In the late 18th and early 19th centuries, frosting was created by treating the components with a special acid mixture and then heating on an open flame. The result was a silvery-white effect looking similar to frost, which protected the surfaces from oxidation; this was important when watches and clocks were not water resistant at all. As watchmakers became more attentive to the potential hazards associated with working with powerful acids, alternative methods were explored, the most effective —in terms of the quality of finish— being to very carefully brush the surface with a wire brush. However, it is extremely difficult to obtain a uniform result because just slightly too much pressure or brushing for too long can quickly ruin the desired matte surface with uneven polish. Today there are very few craftsmen with the skills and experience necessary for creating a traditional frosted finish, and they closely guard their secrets. Modern traditional brushed frosting actually burnishes the surface —compresses the metal without removing material—, creating a finish so hard that it is impossible to hand engrave.

LM101 Frost’s highly anti-reflective coated domed sapphire crystal is virtually invisible, creating the illusion that you can reach out and touch the prodigious 14 mm balance wheel hanging mesmerizingly from elegant twin arches. The arches are milled from a solid block of metal requiring hours of hand polishing to achieve its mirror-like luster.

Turning over LM101 Frost, the display back crystal —domed to reduce the thickness of the case band and, visually, the height of the watch— reveals the exquisitely hand-finished movement. Sensually curved plates and bridges, hand polished bevels, gold chatons and countersunk blued screws pay homage to the style found in historic pocket watches and testify to the respect accorded to historical legitimacy. While award-winning independent watchmaker Kari Voutilainen took responsibility for the movement’s fine finishing and fidelity to the horological past, its architecture and construction were developed in-house by MB&F.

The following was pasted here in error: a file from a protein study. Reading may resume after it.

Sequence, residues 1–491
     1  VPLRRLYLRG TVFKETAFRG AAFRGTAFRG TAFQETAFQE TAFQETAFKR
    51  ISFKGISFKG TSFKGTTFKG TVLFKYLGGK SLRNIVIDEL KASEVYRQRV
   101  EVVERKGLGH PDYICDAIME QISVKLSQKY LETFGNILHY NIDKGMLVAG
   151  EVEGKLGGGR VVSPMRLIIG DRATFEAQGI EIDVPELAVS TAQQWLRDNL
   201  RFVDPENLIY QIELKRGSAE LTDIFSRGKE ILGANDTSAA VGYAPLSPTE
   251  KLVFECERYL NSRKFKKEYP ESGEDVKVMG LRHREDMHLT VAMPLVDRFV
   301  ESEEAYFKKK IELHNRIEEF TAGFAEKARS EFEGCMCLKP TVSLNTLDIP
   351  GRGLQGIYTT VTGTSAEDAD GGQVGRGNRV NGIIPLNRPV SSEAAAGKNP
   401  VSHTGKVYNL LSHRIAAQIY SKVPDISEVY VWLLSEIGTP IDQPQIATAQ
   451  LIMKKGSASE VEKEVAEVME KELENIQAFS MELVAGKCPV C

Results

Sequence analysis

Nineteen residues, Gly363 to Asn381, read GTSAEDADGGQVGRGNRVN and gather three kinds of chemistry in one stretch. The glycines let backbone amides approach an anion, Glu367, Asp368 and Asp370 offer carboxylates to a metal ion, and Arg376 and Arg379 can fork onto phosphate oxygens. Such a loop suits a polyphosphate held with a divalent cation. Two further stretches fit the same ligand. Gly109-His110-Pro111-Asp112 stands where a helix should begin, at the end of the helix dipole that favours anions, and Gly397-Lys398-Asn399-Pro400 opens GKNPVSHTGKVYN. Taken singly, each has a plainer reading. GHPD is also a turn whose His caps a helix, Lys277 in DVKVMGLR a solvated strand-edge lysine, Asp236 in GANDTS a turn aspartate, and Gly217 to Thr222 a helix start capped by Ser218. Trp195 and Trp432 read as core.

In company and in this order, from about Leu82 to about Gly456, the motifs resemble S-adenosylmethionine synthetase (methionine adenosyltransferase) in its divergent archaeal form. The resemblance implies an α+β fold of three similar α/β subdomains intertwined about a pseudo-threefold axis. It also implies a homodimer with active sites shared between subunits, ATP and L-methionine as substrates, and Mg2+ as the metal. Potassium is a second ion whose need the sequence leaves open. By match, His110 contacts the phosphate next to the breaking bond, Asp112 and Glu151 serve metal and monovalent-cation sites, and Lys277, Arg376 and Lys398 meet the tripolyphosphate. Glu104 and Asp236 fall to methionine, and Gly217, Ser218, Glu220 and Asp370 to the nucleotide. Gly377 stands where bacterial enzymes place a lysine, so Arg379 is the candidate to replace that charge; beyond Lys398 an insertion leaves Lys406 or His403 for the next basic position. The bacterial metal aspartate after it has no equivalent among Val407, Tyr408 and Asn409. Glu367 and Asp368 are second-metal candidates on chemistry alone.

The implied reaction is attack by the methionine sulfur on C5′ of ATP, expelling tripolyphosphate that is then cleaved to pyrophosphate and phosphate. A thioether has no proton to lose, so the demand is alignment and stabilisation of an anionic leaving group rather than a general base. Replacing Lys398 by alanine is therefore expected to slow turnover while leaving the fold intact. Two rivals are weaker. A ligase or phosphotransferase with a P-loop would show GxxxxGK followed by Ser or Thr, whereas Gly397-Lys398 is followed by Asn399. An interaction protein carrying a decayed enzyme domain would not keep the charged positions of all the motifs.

Presented for the first time in 2014, the LM101 movement is an entirely new calibre conceived and developed in-house by MB&F. The balance wheel and spring are at the very heart of any mechanical watch movement and their isochronal —equal intervals of time— oscillations regulate the movement’s precision. The beating heart inside the MB&F Legacy Machine 101 'Frost' LM101 features 23 jewels, a single mainspring barrel and 229 components to provide a power reserve of 45 hours when fully wound while beating at a frequency of 18,000 vph —2.5 Hz.

While the 18K yellow gold model features a light brown hand-stitched alligator strap with gold tang buckle to match case, the 18K red gold model features a dark brown one.

On the wrist, the new MB&F Legacy Machine 101 Frost wears true to its size and fits very comfortably and with indisputable wrist presence. If you thought that the Legacy Machine No. 1 was impressive, wait until you see one of these new watches in person. The frost finish will captivate you for sure.

Sticker Price CHF 58,000 —roughly $59,000 USD. For more info on MB&F click here.

Posted on April 16, 2015 and filed under MB&F, News.